The Collective Hate of Wealth and Its Threat to the Soul
Questions Concerning Our Government's Moral Authority
Is it true to say that those who hold contempt for the wealthy and its “material” counterpart are free of materialism in their hearts? Is it not fair to say that those who are focused on material ends in their hearts are in fact more materialistic than those who became wealthy by merely following their hearts? Can a poor man be just as greedy and selfish as a rich man? If one values only “wealth” as a measurement of a man, is it not fair to say then that though he be poor, his attitude serves only selfish ends and is just as materialistic as one who strives in life to be merely wealthy? And, if so, is his attitude just as “greedy” and morally bankrupt as that man who strives to unlawfully gain his wealth at the expense of others? Is one who is jealous of the wealthy just like a “miser” in his heart who will exploit his workers for his own selfish and greedy ends? Are all poor men good and all rich men evil? Or, in the alternative, are all rich men good and all poor men evil?
Is there a jealousy of soul of the successful individual because he reflects our own souls back upon ourselves, or is it truly unfair that some do better materially than others? If the goal of our government is income distribution, is it not also true that that effort can only be seen as an effort to win favor for its authority? If the moral dilemma for the liberals in our country is appealing to the “have-nots” by its denigration of the wealthy, what will it do when a person succeeds above others with the little he or she has? In other words, where will it end? If everyone were granted, for example, an income of $35,000 a year (for a family of four), would it not create some persons that would do better with that salary than others? What moral restraint will the government then impose on that soul? Will the government then break into the homes of such persons and demand they sleep more so others are not made to feel inferior by their frugalness? Will the people than strive for favor by an authority at the expense of others thus creating an inequality and greater rift than we have now? What strife would be quieted under the authority’s plan? To those who say they are prepared to submit to this authority, are you also prepared to submit to a suffering as a result of this authority that no individual would have the power to alleviate?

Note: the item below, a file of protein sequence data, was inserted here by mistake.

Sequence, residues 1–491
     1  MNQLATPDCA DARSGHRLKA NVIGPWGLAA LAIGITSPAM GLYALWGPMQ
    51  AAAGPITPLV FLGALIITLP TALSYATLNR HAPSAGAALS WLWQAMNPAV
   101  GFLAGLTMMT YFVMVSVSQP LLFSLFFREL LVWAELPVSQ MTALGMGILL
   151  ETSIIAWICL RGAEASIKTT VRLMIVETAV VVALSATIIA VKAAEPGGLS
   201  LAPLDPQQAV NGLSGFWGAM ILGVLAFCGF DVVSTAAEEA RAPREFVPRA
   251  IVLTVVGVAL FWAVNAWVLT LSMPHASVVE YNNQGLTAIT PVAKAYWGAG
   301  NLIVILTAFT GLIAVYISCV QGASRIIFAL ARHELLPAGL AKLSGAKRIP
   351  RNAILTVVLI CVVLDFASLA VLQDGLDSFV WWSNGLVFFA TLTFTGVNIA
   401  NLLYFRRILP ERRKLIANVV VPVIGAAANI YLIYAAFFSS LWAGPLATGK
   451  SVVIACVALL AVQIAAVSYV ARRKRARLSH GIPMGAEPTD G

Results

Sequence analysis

Who then is persuaded that wealth in and of itself evidences “selfishness” and/or “greed” at the exclusion of hard work and a good moral character? Sure, there will always be those who are unlawful – but this is true of the poor man as much as the wealthy man. And who is persuaded that the poor fellow who has inner gifts of his own cannot rise to fulfill his dream and forge his own destiny? Sure, one can find a bad apple in every bunch but why does this current administration believe it solves some great moral dilemma when it chastises the wealthy? One would have to be a pure fool to suggest any person’s success in life can be judged good or evil on the basis of whether he achieves wealth or not; and yet all the “collectives” (a/k/a liberals) are promoting this attitude as a justified political means to promote their own authority.
But once our government begins to denigrate the wealthy under the guise of “justice” for the “have-nots,” it cannot therefore claim no responsibility for anyone’s fate or position in the future. And it is here that the rich and poor can agree. For it is a grave mistake – and in fact arrogant – if any government believes it can succeed without destruction to many and the economy as a whole, to direct the whole of the economy. If the desire is for a planned economy, it will surely follow that we will soon come to know that it is not ourselves that have willed it but only an authority we have allowed to create it.
Individualism is freedom is capitalism that requires “character” within a person and individual control over his or her own destiny. Woody Allen once said, “Eighty percent of success in life is in just showing up.” But this statement is only true in a capitalistic economy. What government but our own – that in a past economy held on average a five percent unemployment rate – does not require everyone to be the same as everybody else? Even if an individual decided they did not want to work, and instead decided to forfeit all their income to write a book, to paint, to become a singer, actress or musician, what country in the world would allow any individual to decide for themselves the direction of their own lives – to risk their own economic lives – than the former capitalism in the United States? Think about it. Think real hard about what we are giving up when we embrace the authoritarian government the liberals want us to have.
They are liars for sure. That anyone be convinced government intrusion in our lives will quiet our desires is a fool – and if they think they will be insulated by the power of that authority their whole lives is a waste. We forget – and so soon we have – that deep in our souls we want freedom more than wealth. We may be deceived for want of power but a moment; but please do not be deceived of power forever because if you are, when you wake up one day the promise of power will be replaced by that fierce desire for a freedom not truly forgotten. Do not believe for a moment you have forgotten what freedom is. As an American, it is in your soul and it will never die.